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UCCA Dune Art Museum

Located on a quiet beach along the coast of Bohai Bay in northern China, the UCCA Dune Art Museum is carved into the sand, where it gently disappears.

Countless years of wind have pushed the beach’s sand into a dune along the shore several meters high, stabilized by low-rising shrubs and other ground cover. Inspired by children’s tireless digging in the sand, the museum lies beneath this mass of sand. “Digging” creates a series of connected soft spaces resembling caves, the primal form of human inhabitance and the earliest site of man’s artistic creation. Between the sea and the sand, a hidden place emerges, intimate to the body and soul.

A series of cell-like connected spaces accommodate the UCCA Dune Art Museum’s rich and varied programs, including differently-sized galleries, studios, and a café. After passing through a long, dark tunnel and a small reception area, the space suddenly opens up as visitors enter the largest multifunctional gallery, where a beam of daylight from the skylight above silently yet powerfully fills the space. A spiral staircase leads to a lookout on the sand dune, guiding curious audiences from the dark recesses of the museum’s cave-like galleries to the vast openness of sky and sea above.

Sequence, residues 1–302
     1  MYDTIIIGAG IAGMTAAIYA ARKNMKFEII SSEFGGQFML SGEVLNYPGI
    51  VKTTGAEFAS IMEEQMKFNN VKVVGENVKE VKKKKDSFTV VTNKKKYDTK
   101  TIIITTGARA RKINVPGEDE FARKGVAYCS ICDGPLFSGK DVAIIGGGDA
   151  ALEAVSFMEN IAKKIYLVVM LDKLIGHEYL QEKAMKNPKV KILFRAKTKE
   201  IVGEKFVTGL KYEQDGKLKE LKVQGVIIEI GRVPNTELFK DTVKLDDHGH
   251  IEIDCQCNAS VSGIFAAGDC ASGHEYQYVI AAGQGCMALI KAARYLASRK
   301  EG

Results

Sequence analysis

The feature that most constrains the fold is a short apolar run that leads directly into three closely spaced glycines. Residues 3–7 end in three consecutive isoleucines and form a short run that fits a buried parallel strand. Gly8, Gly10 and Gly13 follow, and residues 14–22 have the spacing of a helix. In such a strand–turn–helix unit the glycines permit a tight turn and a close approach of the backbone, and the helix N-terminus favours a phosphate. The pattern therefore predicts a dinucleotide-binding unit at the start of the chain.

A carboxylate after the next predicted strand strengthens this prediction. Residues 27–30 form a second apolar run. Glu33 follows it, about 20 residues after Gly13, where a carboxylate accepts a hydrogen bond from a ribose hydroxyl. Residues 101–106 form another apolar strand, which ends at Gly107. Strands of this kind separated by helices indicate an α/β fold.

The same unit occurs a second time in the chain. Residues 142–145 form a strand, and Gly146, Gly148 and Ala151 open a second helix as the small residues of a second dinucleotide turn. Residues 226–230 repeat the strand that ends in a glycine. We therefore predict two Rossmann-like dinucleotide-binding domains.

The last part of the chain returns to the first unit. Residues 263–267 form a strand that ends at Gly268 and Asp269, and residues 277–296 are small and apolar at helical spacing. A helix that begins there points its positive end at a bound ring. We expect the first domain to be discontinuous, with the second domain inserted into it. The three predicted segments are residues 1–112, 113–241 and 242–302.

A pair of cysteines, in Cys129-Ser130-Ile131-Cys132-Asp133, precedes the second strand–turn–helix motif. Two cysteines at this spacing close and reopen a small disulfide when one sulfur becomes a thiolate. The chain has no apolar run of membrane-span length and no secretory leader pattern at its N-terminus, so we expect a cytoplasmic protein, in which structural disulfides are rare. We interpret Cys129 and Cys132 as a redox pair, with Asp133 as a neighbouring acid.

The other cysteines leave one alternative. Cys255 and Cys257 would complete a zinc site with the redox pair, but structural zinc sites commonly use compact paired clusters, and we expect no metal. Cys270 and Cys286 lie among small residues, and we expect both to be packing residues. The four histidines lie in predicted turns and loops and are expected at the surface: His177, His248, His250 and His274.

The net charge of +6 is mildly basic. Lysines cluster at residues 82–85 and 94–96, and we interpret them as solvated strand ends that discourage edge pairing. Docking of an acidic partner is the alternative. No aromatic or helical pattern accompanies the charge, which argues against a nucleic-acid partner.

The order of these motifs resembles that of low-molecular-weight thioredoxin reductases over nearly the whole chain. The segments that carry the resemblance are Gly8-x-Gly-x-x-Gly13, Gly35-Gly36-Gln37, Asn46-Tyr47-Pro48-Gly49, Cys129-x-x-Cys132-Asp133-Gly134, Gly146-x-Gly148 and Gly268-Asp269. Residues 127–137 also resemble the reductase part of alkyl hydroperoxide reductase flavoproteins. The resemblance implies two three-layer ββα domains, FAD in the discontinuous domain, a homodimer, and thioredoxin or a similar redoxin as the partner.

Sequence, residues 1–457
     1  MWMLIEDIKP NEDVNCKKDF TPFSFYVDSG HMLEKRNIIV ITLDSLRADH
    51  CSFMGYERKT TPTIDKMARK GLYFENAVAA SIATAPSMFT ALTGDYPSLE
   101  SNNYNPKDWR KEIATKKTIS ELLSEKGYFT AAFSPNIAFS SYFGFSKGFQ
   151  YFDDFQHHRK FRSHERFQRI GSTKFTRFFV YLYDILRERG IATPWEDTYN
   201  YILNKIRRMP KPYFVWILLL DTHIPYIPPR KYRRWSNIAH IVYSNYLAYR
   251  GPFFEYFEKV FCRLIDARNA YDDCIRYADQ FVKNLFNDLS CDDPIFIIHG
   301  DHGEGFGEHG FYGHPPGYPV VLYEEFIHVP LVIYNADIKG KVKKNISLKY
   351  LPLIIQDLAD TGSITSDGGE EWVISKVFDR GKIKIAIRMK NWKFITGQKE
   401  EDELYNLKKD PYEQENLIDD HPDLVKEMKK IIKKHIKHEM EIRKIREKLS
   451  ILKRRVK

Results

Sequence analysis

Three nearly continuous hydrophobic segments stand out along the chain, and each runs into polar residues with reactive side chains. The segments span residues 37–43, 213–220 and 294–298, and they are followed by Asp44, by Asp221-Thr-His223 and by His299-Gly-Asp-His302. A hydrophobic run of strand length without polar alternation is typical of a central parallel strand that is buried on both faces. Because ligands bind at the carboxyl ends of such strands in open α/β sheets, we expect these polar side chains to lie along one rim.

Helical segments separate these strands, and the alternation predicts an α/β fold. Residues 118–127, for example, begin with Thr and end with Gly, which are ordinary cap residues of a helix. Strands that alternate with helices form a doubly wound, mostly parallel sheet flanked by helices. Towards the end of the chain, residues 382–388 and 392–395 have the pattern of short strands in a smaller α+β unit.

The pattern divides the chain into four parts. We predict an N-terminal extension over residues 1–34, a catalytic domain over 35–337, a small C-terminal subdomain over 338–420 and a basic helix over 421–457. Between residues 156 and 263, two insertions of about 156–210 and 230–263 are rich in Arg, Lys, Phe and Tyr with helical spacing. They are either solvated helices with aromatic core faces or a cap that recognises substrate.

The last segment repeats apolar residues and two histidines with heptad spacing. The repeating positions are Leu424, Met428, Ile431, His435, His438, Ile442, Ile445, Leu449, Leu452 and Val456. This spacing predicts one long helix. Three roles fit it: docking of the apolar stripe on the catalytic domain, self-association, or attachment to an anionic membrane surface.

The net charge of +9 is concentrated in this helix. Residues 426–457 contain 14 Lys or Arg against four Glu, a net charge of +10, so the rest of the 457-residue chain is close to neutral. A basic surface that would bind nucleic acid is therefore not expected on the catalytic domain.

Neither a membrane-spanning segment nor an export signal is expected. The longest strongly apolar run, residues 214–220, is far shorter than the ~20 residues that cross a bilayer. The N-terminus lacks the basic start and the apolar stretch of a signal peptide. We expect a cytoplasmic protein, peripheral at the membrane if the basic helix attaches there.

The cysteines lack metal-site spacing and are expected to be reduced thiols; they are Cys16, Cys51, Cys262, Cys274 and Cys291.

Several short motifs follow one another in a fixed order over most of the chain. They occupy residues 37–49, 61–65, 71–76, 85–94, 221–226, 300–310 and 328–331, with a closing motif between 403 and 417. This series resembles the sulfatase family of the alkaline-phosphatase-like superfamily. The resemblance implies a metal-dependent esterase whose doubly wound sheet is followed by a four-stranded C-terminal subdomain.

Looking through different openings framed by the building, museum-goers can observe the ever-changing expressions of the sky and sea throughout the day. In the near future, a long walkway will be built opposite the UCCA Dune Art Museum, extending into the ocean. When the tide is low and the walkway rises above the water, people will be able to walk to the Sea Art Museum, which will rise out of the sea like a solitary rock. Together, these two museums will form a “Dialogue by the Sea.”

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